Nearly all Lyme disease patients can be effectively treated with an appropriate course of antibiotic therapy. In general, the sooner such therapy is begun following infection, the quicker and more complete the recovery.
Antibiotics such as doxycycline or amoxicillin taken orally for an average of two weeks can speed the healing of the erythema migrans rash and usually prevent subsequent symptoms such as arthritis or neurological problems. There is no compelling evidence that prolonged antibiotic therapy is more effective than two weeks of therapy. Unnecessarily prolonged antibiotic use might have serious side effects, such as upset stomach, diarrhea, and Clostridium difficile infection.
Patients younger than 9 years old, or pregnant or lactating women with Lyme disease, are treated with amoxicillin or penicillin because doxycycline can stain the permanent teeth developing in young children or unborn babies. Patients allergic to penicillin are given erythromycin or related antibiotics.
People with Lyme disease who have neurological symptoms might be treated with an antibiotic given intravenously for a month or less. Most patients experience full recovery.
Lyme arthritis resolves in most patients within a few weeks or months following antibiotic therapy. Some Lyme disease patients who are untreated for several years might be cured of their arthritis with the proper antibiotic regimen. Oral antibiotics are usually effective, and intravenous antibiotics are only rarely needed.
Doctors prefer to treat Lyme disease patients experiencing heart symptoms with antibiotics such as ceftriaxone, cefotaxime, or penicillin given intravenously for about two weeks. If these symptoms persist or are severe enough, patients might also be given temporary internal cardiac pacemakers. People with Lyme disease rarely experience long-term heart damage.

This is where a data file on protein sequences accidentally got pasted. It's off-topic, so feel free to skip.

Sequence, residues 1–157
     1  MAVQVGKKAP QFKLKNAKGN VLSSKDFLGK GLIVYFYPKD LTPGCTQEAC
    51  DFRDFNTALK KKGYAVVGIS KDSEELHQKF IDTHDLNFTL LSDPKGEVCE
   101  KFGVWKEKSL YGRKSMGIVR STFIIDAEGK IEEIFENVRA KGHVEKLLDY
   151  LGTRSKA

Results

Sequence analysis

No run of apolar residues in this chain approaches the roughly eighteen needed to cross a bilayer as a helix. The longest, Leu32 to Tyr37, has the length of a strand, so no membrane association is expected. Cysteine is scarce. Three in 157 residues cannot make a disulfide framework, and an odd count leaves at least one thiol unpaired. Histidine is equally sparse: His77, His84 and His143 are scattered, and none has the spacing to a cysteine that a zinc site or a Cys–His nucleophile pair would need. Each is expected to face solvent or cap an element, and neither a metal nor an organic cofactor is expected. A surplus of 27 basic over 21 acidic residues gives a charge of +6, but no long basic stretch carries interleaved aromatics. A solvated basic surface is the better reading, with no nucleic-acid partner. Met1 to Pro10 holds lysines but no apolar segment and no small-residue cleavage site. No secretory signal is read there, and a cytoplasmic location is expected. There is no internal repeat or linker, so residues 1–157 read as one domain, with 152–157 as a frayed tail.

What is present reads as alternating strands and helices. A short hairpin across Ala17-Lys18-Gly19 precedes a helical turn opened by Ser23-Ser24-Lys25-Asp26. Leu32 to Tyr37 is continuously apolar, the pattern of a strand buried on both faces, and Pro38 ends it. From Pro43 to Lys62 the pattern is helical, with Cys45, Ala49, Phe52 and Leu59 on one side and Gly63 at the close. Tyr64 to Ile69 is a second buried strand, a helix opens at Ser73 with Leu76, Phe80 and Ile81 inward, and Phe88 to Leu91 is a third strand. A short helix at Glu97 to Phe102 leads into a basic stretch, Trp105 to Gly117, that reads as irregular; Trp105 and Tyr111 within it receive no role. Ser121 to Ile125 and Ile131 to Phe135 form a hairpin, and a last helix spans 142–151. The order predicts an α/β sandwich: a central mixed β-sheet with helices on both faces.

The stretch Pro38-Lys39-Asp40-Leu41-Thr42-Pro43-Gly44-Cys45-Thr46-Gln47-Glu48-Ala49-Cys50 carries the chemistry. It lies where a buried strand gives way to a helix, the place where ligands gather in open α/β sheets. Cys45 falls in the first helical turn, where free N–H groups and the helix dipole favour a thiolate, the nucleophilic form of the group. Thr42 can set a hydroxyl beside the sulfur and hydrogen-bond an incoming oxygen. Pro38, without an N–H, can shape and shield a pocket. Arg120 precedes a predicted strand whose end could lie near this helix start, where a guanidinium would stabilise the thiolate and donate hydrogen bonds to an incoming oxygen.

A very small percentage of patients with Lyme disease may have residual symptoms that may be prolonged after treatment with antibiotics. These symptoms can include muscle and joint pains, arthritis, cognitive defects, sleep disturbance, or fatigue. Although the cause of these prolonged symptoms is unknown, there is some evidence that they result from an autoimmune response in which the immune system continues to respond to an infection even after it was been eliminated from the body, although this is an area of debate.
Successful treatment of Lyme disease is no guarantee that the illness will be prevented in the future. The disease can strike more than once in the same individual if he or she is bitten by another tick and reinfected with the Lyme disease bacterium.
Last reviewed on 10/03/2007
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